Three years ago, I was a man in a tortoise shell, seeking validation by accomplishing the impossible.
I had a bucket list which included running a marathon, jumping 20,000 feet out of an airplane and getting an MBA from a top business school. Now a month after graduation, having checked off all those items on my bucket list, I cannot help but cringe at my past self-importance. For I am privileged to even have had a bucket list.
During my final year at business school, I had the opportunity to do a few life-changing things that righted the ship of my perspective. The first was a service project which focused on mentoring incarcerated youth. Every week I went into a maximum security state prison to teach teenage felons about fatherhood and life skills. I had to go through a metal detector. I had to be escorted everywhere by prison guards. All openings had tightly bolted doors that required multiple keys. When I finally got to my destination to teach, I could not help but think 1) “Statistically speaking some of these young men were meant to be here” and 2) “Wow, one of these youth could have been me?” If my immigrant parents did not drill in me the importance of higher education and provide the psychological skills to cope with crisis, I could have been a similar statistic to these young men behind bars. This experience reminded me that there are some who want success just as badly as the rest of us but are not as lucky.
The next set of life-changing events were my amazing trips overseas to China and Israel. I recommend to anyone to spend some time overseas. It is a sobering reminder of the rights we take for granted socially politically and economically in the United States. In the States, our technology devices are always on. We are wired 24/7 to opine and blog and YouTube video publish on anything we want, from our pet cat using the bathroom like a human to irate protestors occupying Wall Street. So imagine when I tried web browsing in China, which notoriously practices internet censorship. To have certain websites blocked like Google was excruciating. I felt an acute kinship to freedom and democracy and my Americanism, despite the awe of China’s history and culture and the great friends I made there. I recognized how everyone in the world is not as lucky to have concepts like alienable human rights to instigate social change.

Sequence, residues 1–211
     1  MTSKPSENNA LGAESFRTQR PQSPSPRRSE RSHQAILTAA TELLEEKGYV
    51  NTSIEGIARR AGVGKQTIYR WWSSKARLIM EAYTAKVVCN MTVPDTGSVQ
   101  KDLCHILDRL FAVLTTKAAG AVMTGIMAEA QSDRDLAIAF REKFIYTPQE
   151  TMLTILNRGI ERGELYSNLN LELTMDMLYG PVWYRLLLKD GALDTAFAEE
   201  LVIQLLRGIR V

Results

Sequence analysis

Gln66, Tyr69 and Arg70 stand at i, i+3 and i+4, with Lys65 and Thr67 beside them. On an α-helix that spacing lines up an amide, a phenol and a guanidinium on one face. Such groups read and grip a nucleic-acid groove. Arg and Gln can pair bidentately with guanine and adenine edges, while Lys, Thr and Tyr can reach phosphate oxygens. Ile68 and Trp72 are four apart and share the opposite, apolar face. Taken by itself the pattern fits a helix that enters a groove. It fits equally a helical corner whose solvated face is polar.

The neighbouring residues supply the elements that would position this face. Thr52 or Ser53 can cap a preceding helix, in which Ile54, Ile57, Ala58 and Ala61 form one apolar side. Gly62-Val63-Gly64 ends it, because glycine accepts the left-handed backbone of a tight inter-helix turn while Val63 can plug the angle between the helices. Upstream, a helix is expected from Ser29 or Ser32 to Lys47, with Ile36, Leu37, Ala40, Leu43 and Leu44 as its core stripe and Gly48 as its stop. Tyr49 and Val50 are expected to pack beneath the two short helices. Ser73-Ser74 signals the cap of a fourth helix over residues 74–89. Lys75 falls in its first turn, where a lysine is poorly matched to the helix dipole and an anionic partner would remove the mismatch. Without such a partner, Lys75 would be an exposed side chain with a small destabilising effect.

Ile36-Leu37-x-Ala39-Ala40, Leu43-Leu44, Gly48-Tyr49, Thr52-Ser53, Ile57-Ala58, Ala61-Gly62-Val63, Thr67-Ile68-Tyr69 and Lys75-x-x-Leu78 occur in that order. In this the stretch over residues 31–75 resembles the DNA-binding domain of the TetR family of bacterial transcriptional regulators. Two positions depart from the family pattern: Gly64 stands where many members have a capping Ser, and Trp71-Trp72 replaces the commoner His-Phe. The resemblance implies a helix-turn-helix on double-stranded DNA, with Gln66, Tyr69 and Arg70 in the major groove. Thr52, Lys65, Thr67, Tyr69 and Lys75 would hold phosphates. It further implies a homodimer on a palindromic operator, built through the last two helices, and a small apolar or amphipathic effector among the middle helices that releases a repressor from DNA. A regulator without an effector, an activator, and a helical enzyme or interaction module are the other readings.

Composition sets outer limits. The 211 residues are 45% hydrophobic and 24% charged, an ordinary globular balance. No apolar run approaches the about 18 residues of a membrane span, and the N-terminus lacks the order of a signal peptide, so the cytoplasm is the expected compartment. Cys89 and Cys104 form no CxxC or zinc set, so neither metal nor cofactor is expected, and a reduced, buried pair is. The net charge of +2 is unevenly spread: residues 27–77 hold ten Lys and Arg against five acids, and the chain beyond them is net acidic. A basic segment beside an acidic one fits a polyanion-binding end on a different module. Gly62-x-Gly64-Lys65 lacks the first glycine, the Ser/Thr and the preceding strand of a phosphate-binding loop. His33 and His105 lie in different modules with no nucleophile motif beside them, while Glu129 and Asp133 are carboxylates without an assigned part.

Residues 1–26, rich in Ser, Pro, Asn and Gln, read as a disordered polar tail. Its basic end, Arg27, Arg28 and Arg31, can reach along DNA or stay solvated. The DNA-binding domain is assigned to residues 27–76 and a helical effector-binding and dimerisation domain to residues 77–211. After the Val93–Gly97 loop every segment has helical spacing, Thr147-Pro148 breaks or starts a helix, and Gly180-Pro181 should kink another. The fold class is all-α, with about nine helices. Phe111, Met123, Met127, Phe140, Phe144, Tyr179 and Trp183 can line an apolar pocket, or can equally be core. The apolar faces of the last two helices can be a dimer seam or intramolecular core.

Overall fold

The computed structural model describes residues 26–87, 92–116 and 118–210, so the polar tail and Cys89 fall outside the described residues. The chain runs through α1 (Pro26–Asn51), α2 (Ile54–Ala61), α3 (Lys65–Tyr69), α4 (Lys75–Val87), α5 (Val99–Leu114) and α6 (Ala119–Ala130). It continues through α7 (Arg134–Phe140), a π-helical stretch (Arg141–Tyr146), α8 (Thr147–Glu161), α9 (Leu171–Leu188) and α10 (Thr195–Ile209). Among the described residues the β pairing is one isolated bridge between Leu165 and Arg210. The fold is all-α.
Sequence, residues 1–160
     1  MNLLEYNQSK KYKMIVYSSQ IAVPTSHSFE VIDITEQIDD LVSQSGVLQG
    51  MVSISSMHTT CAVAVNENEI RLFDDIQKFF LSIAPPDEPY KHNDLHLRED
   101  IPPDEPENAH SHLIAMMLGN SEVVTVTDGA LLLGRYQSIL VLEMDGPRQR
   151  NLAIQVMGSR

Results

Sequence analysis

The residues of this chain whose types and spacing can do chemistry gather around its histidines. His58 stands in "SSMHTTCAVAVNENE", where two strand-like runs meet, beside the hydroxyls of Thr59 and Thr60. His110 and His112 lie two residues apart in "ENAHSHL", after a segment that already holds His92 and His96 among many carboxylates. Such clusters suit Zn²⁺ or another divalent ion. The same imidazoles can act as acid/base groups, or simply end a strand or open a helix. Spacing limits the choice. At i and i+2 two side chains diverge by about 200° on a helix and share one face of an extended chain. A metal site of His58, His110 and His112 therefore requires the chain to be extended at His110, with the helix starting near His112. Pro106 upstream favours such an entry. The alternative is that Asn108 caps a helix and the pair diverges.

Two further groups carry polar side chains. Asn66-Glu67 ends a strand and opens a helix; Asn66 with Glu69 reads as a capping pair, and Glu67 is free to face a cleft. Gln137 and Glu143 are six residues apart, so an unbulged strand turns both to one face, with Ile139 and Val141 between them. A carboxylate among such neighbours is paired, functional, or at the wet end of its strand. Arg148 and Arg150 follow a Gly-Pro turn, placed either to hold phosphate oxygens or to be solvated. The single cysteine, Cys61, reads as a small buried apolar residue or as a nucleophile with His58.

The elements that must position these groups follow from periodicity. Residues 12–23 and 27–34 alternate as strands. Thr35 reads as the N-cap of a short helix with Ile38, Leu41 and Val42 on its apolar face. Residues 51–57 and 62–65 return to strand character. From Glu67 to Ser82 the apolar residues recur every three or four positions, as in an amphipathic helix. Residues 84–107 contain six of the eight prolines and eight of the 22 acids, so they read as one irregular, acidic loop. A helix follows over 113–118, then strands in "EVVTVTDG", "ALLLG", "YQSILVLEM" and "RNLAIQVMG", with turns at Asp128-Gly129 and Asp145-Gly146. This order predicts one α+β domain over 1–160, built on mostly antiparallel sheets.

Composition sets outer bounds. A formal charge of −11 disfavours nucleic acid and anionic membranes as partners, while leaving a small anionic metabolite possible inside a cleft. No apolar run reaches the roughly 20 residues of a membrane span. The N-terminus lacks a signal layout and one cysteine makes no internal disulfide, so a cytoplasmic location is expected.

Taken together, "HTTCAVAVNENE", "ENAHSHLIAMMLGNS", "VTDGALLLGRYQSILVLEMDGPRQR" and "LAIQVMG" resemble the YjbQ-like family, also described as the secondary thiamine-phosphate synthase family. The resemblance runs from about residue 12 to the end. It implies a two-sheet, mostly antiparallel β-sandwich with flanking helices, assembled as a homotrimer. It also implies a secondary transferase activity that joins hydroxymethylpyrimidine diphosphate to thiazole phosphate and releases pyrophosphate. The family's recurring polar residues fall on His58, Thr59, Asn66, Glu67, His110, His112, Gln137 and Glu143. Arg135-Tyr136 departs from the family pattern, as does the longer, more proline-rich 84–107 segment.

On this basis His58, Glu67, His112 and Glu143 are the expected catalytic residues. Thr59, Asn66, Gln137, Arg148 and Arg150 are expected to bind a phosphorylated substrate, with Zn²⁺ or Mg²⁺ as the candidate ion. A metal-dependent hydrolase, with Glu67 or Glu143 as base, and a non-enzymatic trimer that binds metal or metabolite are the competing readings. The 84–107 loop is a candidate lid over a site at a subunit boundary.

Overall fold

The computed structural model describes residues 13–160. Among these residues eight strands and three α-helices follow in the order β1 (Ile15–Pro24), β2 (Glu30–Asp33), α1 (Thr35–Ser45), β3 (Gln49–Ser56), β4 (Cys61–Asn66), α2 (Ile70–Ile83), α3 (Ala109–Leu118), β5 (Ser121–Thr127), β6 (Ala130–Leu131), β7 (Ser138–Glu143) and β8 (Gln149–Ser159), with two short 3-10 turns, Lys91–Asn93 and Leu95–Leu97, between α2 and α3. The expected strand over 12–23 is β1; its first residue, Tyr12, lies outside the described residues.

Finally when I visited Israel I learned about the complexity of religion and living in a military state. Not everything is what it seems on the 6’o clock evening news. There was a rich vitality and authenticity to Jerusalem and the people that was breathless. I floated in the Dead Sea, climbed the Masada at the break of dawn, rode a camel across the desert, and lay on my back in the cave that Jesus had laid. However to see young men and women in military fatigues carrying Uzis across their shoulders as commonly as a purse was shocking. When I was at that age I was reading Descartes and Shakespeare rhetorically spouting “To be or not to be.” This experience taught me that not everything is philosophical and can be mended with words. The line between life and death is tenuous. Therefore, we must live each day to the fullest, because nothing is guaranteed tomorrow.
There is much we take for granted in pursuing bucket lists. And that is the privilege that we have to make them. When I walked the stage and got my MBA diploma, I could not help but remember all the people that supported my dream. From my wife and son – to the Johnson Graduate School of Management community – to past teachers and mentors and old friends and my ancestry – all these people are the broad shoulders upon which I stand to make any of my bucket lists and dreams possible. And for that I am eternally grateful.
So how does completing an item on a bucket list compare to expressing profound gratitude to those who have been important in my life? Not even close. Gratitude lists are eternal even if you kick the bucket.